Mark Childs, professor, University of New Mexico School of Architecture and Planning, was notified by the Board of Directors of the Environmental Design Research Association and the EDRA Great Places Awards jurors, that his book submission, Urban Composition: Developing Community Through Design, is a recipient of the esteemed 2013 EDRA Great Places Award in the Place Book Award category.
Jurors wrote, "In a year with an extraordinary number of high-quality entries, your submission truly exemplified the concern for human factors in the design of the built environments, and a commitment to promoting the links between design research and practice. We're proud to honor your work and inspiration."
Childs will be recognized at the EDRA awards banquet Saturday, June 1, in Rhode Island. The banquet is in conjunction with the Environmental Design Research Association Conference.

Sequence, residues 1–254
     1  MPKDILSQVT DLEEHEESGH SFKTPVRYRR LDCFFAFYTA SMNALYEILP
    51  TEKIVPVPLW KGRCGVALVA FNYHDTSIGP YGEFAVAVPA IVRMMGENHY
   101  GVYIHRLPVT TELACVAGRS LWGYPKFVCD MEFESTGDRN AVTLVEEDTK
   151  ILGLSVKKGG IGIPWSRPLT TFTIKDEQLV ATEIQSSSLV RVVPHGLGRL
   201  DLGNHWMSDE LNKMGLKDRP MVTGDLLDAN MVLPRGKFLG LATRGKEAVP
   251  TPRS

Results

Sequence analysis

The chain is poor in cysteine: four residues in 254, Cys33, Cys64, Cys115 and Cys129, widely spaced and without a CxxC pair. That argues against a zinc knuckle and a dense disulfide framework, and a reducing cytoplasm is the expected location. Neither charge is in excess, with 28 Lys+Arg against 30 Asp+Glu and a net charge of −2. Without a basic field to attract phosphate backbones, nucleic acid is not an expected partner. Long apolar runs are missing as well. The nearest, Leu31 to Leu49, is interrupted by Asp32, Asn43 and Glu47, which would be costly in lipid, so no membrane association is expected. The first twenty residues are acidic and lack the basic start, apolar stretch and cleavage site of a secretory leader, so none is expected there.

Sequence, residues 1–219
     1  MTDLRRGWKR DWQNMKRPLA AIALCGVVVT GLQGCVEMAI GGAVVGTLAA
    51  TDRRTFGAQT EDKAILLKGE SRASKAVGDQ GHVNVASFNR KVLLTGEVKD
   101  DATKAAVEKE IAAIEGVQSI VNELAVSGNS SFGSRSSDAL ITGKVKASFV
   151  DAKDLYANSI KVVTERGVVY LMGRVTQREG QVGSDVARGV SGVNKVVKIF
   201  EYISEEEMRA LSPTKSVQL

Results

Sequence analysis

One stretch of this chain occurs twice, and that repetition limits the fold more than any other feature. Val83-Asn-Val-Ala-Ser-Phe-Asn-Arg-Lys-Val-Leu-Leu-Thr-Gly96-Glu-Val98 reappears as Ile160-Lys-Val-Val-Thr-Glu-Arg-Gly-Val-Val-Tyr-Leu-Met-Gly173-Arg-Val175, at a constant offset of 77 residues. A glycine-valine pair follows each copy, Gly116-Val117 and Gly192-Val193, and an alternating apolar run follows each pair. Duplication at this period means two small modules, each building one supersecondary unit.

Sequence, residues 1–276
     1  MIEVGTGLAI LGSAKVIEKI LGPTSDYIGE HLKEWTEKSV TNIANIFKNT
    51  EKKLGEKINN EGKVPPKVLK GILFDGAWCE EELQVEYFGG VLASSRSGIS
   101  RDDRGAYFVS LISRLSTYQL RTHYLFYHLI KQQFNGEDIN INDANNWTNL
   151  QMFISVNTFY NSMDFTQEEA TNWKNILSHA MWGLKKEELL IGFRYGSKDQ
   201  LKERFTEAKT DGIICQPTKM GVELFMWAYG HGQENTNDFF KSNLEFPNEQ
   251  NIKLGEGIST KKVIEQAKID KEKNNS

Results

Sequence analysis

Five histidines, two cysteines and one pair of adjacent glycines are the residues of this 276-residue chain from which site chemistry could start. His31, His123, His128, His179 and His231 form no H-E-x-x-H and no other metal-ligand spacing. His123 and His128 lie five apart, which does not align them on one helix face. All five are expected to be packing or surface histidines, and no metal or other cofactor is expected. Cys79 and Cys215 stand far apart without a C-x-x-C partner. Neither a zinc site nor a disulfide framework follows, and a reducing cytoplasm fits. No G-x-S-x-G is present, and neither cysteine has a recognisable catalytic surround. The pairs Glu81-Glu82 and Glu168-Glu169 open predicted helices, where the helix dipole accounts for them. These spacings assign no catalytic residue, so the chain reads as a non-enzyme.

Princeton Architectural Press, publisher of the book, writes:
Cities and towns are among humanity's greatest achievements, yet no single individual or organization creates them. The buildings, streets and gardens of even a small town embody substantial investments of money, natural resources and political capital. Much more than the sum of its parts, a settlement's vitality comes from its collective composition. Sometimes the cities and towns that emerge are glorious places, but too frequently they have only fragments of greatness or are soulless and environmentally unhealthy.
Our new Architecture Brief Urban Composition shows architects, planners, artists and engineers of individual projects how they can best fulfill their public trust to help make meaningful urban places. Each chapter contains a set of design queries followed by a discussion, illustrations, and references for further research. This accessible primer on urban design provides guidelines for designing buildings or plans for large cities or small towns. Urban Composition showcases projects across the United States and internationally, in metropolitan areas such as Chicago, Seattle and London, and small communities such as Marfa, Texas.
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